This week we had a Frogfish-tastic week in Lembeh with lots of different species: Hairy, Giant, Painted, Warty / Clown, all of varying colours and sizes. PLUS we found three Sargassum frogfish when cleaning our beach in front of the resort!
But what are these weird fish?
Frogfishes are a type of anglerfish and are found in almost all tropical and subtropical oceans and seas around the world, the primary exception being the Mediterranean Sea.
They generally live on the ocean floor around coral or rock reefs, at most up to 100 meters (330 ft) deep, in areas where the surface level water usually has a temperature of 20 C (68 F) or more.
They are often brightly colored, white, yellow, red, green, or black or spotted in several colors in order to blend in with their coral surroundings. Coloration can also vary within one species, making it difficult to differentiate between them. Many frogfish can actually change their color over a few days or several weeks. It is unknown what triggers the change.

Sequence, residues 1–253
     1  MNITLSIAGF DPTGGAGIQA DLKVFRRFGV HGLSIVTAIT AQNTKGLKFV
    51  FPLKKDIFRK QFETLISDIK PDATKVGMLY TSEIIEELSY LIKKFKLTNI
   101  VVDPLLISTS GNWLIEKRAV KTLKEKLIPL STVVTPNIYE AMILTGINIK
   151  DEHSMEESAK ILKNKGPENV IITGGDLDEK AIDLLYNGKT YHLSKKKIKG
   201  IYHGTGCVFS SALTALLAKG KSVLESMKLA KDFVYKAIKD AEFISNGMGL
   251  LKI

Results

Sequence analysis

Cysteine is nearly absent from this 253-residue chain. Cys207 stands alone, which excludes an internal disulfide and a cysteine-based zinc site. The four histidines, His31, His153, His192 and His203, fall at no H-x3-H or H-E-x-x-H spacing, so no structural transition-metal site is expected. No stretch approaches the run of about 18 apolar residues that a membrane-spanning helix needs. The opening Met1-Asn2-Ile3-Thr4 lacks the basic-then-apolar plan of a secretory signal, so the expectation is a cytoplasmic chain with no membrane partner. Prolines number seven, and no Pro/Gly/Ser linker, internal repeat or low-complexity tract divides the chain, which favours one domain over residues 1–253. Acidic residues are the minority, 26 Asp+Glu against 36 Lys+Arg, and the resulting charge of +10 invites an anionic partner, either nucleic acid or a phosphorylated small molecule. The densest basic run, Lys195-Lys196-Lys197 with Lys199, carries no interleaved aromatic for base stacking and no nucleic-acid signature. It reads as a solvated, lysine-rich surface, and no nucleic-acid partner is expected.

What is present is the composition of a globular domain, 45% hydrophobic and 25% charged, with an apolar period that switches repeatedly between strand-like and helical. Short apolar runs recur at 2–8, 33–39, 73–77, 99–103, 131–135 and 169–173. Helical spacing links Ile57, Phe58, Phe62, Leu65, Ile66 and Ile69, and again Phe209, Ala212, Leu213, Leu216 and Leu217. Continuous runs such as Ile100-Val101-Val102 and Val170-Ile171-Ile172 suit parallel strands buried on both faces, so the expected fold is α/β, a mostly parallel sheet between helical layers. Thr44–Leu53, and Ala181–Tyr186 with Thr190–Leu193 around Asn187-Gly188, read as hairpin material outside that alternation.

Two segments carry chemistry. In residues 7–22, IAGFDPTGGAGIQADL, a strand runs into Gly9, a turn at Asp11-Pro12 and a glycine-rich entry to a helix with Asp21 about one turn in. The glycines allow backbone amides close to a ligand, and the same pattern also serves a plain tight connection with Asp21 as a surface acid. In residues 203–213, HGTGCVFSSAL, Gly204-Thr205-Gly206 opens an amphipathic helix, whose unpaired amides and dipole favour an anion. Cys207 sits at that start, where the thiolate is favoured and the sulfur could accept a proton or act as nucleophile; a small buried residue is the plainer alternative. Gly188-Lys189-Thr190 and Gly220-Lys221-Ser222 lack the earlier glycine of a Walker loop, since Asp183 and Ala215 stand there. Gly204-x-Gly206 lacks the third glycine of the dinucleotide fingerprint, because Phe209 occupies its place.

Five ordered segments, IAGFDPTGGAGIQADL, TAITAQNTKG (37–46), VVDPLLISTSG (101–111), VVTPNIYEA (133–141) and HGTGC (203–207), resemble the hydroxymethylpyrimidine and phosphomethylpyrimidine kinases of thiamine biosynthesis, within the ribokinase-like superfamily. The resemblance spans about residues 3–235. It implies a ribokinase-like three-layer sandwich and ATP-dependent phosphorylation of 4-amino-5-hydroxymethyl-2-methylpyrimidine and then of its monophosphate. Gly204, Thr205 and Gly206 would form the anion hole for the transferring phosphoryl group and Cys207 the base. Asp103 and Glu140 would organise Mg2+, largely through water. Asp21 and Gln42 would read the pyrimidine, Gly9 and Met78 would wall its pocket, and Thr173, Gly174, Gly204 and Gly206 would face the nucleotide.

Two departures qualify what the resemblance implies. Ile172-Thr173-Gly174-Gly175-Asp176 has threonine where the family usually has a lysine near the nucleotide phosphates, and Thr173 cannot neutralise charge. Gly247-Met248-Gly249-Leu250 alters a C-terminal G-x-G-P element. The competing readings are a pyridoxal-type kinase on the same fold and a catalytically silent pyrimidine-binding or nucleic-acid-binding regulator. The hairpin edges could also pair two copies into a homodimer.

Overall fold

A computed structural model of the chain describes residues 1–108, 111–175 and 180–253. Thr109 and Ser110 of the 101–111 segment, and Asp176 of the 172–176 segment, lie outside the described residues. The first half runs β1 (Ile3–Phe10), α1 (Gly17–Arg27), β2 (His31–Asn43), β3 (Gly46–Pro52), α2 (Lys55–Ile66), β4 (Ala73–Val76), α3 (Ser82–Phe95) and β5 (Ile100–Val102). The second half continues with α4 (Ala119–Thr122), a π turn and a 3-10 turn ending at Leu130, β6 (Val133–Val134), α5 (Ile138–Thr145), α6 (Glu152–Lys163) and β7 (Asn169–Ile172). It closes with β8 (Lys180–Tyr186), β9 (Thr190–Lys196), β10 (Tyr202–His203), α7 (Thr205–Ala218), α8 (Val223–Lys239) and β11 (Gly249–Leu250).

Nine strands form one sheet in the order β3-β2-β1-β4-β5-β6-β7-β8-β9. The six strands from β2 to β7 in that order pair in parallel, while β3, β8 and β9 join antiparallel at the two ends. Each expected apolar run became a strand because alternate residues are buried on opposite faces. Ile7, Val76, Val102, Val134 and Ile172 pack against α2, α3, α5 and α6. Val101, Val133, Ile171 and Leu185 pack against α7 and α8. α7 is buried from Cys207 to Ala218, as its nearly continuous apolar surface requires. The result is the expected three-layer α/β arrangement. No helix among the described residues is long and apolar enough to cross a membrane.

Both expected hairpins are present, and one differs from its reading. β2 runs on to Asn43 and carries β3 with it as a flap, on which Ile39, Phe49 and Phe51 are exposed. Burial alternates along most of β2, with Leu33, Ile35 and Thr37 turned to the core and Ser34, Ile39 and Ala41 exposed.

Rather than typical dorsal fins, the front-most of the three fins is called the illicium or “rod” and is topped with the esca or “lure”, and this is used to catch food by “fishing”. Frogfish might look cumbersome and walk very slowly, but they are incredibly fast at catching prey!
The “fishing rod” often has striped markings, while the lure takes a different form in each species. Because of the variety of colors even within a single species, the rod and lure is a useful tool to differentiate among different varieties. Some of them resemble fish, some shrimp, some polychaetes, some tubeworms, and some simply a formless lump.
Here is a collection of frogfish that have been seen in Lembeh, and apologies in advance for the bad naming!
If you have any photos of frogfish from Lembeh then please send them in!